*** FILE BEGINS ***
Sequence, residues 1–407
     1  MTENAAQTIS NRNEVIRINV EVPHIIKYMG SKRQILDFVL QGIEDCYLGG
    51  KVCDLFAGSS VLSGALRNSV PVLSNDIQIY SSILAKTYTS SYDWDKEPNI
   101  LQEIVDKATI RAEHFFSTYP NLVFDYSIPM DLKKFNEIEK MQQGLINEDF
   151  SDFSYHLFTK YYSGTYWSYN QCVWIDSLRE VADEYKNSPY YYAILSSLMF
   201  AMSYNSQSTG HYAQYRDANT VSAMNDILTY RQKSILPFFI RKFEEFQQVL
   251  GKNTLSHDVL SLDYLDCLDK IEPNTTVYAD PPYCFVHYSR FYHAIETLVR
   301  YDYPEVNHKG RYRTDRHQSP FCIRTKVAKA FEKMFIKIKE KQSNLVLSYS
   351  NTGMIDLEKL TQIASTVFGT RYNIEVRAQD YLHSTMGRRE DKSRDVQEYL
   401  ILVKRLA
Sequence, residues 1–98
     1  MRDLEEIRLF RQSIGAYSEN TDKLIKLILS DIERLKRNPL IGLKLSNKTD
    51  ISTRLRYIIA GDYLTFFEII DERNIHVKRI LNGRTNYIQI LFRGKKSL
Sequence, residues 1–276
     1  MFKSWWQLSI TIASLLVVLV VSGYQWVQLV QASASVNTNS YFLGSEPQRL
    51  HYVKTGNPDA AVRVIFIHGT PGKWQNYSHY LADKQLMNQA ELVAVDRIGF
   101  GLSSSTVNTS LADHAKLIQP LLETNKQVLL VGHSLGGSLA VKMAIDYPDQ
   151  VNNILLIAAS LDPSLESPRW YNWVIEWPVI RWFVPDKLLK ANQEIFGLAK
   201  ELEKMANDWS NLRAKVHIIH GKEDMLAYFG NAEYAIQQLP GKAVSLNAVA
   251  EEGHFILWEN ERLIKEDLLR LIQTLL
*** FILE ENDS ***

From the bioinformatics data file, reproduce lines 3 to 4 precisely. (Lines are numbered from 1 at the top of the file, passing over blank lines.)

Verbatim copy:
    51  KVCDLFAGSS VLSGALRNSV PVLSNDIQIY SSILAKTYTS SYDWDKEPNI
   101  LQEIVDKATI RAEHFFSTYP NLVFDYSIPM DLKKFNEIEK MQQGLINEDF